The Ministry of Environment tied up with K-Water, a state water resource development and management agency, and the state-funded Korea Environmental Industry & Technology Institute (KEITI) to develop technologies for the localization of ultrapure water, or highly purified water, which is purified to uncommonly stringent specifications. With organic particles and dissolved gases removed, water is treated to the highest levels of purity for all contaminant types.
South Korea has relied on Japanese and other foreign companies to produce and supply ultrapure industrial water. Since Japan imposed trade restrictions in July 2019, South Korean firms have tried hard to localize key industrial materials used for the production of semiconductors and displays.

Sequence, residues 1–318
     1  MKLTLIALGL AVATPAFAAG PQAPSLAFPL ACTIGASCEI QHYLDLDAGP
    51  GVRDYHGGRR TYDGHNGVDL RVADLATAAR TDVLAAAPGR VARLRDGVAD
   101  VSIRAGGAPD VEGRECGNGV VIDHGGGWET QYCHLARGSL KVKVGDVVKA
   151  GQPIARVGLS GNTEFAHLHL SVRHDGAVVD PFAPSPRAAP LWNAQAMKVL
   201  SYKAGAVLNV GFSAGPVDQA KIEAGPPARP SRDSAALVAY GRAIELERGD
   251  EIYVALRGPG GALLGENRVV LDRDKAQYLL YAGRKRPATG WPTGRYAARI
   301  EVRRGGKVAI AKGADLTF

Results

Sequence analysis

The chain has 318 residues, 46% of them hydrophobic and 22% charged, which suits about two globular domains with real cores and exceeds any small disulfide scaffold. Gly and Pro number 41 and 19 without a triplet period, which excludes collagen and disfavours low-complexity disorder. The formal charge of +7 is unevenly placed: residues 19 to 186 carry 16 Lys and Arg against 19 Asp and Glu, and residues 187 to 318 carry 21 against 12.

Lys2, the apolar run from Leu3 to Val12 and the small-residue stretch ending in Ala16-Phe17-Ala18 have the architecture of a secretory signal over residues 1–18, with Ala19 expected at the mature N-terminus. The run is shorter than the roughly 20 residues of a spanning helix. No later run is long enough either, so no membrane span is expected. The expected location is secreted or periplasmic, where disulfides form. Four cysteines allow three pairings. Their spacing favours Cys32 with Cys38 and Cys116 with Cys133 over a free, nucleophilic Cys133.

The Ministry of Environment has earmarked some 48 billion won ($41.7 million) for the development of key ultrapure water technologies such as ultraviolet oxidation devices and gas removal membranes. The ministry's goal is to achieve a 60 percent localization rate by 2025. K-Water would install and operate a demonstration plant that produces 2,400 tons of ultrapure water a day.
"The demand for high-purity industrial water is gradually expanding in high value-added industries such as semiconductors, pharmaceuticals, bio and precision chemistry," said Kim Dong-jin, an environment ministry responsible for water resource policy. "If the technology development project is implemented without a hitch, it will serve as a stepping stone for the domestic water treatment industry to enter overseas markets and end its dependence on overseas technology."
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